How To Start A Bow-Drill Fire.

A friend of mine once found himself turned around – thoroughly confused, you might say, about where he was, and where his four-wheeler was. Now, this couldn’t be classified as a true survival situation, as the September weather was chilly but dry, and my hapless buddy’s life was not really in danger. It was, however, a good example of what can happen to those of us who spend a lot of time in the woods. Had the weather been really cold, or wet and windy, the situation could have rapidly become life threatening.

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PHOTO 1 - Everything you need to start a bowdrill fire; bow, fireboard, spindle, socket, and leather scrap to catch the coal on.

PHOTO 2 - Close-up of spindle top and socket.

PHOTO 3 - Rub and grind the tinder between your fists into super fine fibers.

PHOTO 4 - Turn the spindle into the bowstring. It should be a tight fit, ‘cause it’ll loosen up during use.

PHOTO 5 - Correct form during bowing. The left wrist or hand must be braced against the lower leg.

PHOTO 6 – Cut a pie-shaped notch just to center of your hole. This will collect charred dust and heat, igniting to form a coal.

PHOTO 7 - Blow gently on your coal, then harder and longer. Soon it’ll burst into flame.

You see, my bud left his daypack on his ATV (cardinal mistake number one) while making a quick reconnoiter to a nearby vantage point. Bugling bulls and clashing antlers drew him onward, until when he tried to retrace his steps in the dim light of dusk he couldn’t tell which ridge was which. He was thoroughly prepared for such an eventuality, of course, with emergency supplies, fire starting kit, and compass and GPS. Problem was, the gear was at the four-wheeler, and he was not.

So my lost and lonely friend wisely picked a tree to spend the night under, strategized on finding his way to safety with the dawn, and tried to start a fire. Cardinal mistake number two was that he didn’t have a lighter in his pocket. He had all the ingredients for a bow-drill fire, though, so he robbed his hiking boot of its lace, gathered materials, and set to work. A couple hours before dawn he gave up - ceased his efforts, and shivered under his tree till daylight arrived. Had he known in practice what he understood in theory he could have triumphed in his quest to start a friction fire, and alternately fed and snuggled his warm companion through the long September night.

Don’t be that guy. Friction fires are fun and challenging to make, and having the skill conquered and in your back pocket when you head into the woods is a great survival precaution. So practice ahead of time – when the chips are down you’ll get a fire roaring in no time.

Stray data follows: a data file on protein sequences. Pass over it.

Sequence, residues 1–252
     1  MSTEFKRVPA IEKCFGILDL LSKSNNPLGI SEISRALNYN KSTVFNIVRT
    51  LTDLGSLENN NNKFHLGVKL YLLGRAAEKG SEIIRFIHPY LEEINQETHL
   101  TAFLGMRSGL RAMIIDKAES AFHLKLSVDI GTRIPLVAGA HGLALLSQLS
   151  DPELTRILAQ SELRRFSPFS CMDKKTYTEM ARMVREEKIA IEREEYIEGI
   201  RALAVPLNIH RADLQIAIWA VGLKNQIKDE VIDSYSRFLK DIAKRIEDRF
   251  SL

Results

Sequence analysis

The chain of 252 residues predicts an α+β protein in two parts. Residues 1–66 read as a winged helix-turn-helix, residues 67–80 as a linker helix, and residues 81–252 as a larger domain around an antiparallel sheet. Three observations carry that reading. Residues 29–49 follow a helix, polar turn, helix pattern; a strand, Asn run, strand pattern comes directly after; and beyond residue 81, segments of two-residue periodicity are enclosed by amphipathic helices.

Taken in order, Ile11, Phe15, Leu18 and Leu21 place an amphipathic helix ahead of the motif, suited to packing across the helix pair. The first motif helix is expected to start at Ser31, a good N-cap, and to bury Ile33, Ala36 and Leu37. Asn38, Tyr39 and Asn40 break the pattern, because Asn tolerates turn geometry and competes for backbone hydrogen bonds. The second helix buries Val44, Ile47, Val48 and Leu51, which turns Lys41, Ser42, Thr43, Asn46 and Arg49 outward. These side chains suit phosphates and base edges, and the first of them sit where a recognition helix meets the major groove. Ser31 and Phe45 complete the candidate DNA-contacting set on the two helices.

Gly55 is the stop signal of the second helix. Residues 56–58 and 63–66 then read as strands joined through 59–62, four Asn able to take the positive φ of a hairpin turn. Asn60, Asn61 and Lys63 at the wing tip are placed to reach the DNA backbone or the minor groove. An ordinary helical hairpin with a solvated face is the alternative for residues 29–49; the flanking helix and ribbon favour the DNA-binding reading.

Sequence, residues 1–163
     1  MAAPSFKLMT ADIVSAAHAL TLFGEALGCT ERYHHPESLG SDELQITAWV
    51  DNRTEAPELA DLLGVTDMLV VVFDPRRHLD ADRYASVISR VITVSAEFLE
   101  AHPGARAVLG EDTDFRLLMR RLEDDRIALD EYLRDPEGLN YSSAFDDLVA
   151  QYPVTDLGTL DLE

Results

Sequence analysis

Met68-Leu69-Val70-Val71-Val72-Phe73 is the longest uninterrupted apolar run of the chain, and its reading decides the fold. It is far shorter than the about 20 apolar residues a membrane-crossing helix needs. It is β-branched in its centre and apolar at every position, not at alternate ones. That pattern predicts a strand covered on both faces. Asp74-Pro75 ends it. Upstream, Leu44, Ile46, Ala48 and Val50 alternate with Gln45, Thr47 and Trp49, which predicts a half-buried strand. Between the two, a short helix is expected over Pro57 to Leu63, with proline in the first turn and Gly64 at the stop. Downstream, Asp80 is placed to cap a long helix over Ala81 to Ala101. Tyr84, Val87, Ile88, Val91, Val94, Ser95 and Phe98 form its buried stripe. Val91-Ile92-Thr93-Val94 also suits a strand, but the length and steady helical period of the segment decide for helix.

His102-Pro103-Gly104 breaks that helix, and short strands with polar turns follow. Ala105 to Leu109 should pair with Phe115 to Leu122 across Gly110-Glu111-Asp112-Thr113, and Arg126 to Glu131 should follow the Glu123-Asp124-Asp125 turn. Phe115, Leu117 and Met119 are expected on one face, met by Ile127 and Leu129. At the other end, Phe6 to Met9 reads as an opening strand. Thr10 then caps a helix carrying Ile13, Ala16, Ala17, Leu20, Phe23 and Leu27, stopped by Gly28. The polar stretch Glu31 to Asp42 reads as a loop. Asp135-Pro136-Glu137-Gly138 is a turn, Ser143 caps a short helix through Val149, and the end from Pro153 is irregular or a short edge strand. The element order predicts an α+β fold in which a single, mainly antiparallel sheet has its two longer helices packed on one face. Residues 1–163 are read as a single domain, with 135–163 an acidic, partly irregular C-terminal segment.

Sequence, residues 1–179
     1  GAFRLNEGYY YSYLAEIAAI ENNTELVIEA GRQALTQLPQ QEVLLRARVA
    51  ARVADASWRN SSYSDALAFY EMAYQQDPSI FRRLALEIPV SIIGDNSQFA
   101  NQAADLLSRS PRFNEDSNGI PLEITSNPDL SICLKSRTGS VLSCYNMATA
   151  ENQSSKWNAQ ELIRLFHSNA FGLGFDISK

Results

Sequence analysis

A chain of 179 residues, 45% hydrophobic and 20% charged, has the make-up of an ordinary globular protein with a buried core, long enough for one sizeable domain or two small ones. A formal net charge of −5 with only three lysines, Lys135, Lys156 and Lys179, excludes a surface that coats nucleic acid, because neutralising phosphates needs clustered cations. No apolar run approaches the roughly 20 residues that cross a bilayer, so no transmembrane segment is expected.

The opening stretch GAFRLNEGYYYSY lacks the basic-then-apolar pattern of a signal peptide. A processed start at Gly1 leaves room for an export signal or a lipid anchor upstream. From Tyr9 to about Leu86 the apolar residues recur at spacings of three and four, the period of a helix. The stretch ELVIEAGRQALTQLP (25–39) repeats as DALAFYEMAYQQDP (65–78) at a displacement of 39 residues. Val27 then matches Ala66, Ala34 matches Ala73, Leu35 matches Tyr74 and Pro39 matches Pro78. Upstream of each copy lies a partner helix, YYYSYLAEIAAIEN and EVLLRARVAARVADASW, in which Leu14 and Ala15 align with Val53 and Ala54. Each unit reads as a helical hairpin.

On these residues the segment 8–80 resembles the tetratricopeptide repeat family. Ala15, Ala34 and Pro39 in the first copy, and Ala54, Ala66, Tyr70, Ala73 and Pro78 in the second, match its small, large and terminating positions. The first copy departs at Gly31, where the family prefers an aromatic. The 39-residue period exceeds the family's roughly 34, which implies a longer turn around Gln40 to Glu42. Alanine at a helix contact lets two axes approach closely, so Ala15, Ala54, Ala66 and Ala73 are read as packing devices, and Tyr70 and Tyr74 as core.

I can (assuming I’m in a place where materials are readily gathered) get a bow-drill fire started from scratch in about 30 minutes. That’s starting with just a knife and a string in hand, and gathering/fashioning the rest of the tools on the spot. Here’s what you’ll need:


Knife or sharp flint flake to carve with.
Four to five feet of string. Paracord or a good bootlace is ideal.
A bow. Simply a green stick about three feet long.
Fireboard. About 1 ½ inches wide, 5/8” thick, 8 inches long.
Spindle. About the diameter of your finger and 8” – 12” inches long.
Socket. A small piece of rock or bone, that fits comfortably in your hand and has a small divot (for the top of the spindle).
Tinder nest made of dry juniper bark or similar material.

STEP 1. Gather your materials. The ideal wood for your fireboard and spindle is sagebrush (use live plants, the inner wood is dry). Cottonwood root is also good, and yucca stalks make great spindles. Cedar wood works okay, as do many other species. They just require more and harder bowing. Hibiscus (if you find yourself in a semi-tropical environment) works well. Just make sure that whatever wood you use for your spindle and fireboard is thoroughly dry.
A slightly bent green willow or tree branch works well for a bow. Dry outer bark from a juniper (cedar) tree makes an ideal tinder nest. (Alternatives are the fibrous inner bark from a dead cottonwood, or the dry outer bark from sagebrush.) A good socket may be your toughest find – ideally a smooth rock that fits nicely in your hand and has a small deep divot in it. The astragalus bone from an elk’s hind leg makes a super cool socket.

STEP 2. Now that you have your materials collected you’ll need to shape them into tools (photo 1-previous pages). Start with the fireboard. Carve it into a little flat board about 5/8 inch thick, 1 ½ inches wide, and eight or more inches long. With the tip of your knife carve a little divot near one end and set aside. Next whittle your spindle into shape, straight, round and smooth. Carve the bottom end into a blunt point, the top end into a long taper. Set aside.

Your bow should be strung just barely taut. Tie your string to both ends with a clove hitch or series of half hitches, and make sure you can (just barely) turn your spindle into the string as shown in photo 4. Set the bow aside. Now work on your socket, deepening the divot if necessary by scraping or pecking with a sharp corner of flint. Once it’s deep enough to accept and hold the top of your spindle, set it aside. (Photo 2-previous page.)
Lastly, make your tinder bundle by grinding bark between your hands into fine fibers. (Photo 3.) Shape it into a nest, lining the center with super-fine fibers. Don’t rush this, your nest needs to be just right – it takes a lot of work to get a coal, and it’s a real bummer to have it die due to a poor nest.

STEP 3. Now that your tools are ready, it’s time to “burn in” the hole in your fireboard. This preps your set for fire making, and it’ll give you a chance to learn how to bow. Set your fireboard on the ground and hold it in place with a bare foot. Turn the spindle into your bowstring as shown (Photo 4), set the bottom into the divot in your fireboard, and the top in the divot in your socket. Wrap your left arm around your left leg as shown (photo 5), left hand pressing down on the socket. This form is critical to success. Using your right hand begin smoothly bowing back and forth with long strokes. Your spindle will jump out at every opportunity – don’t get frustrated, just keep after it till you get the hang of bowing. Still using long strokes bow faster, adding more downward pressure on the socket and spindle till smoke pours from the fireboard. Stop and give yourself a much-deserved rest.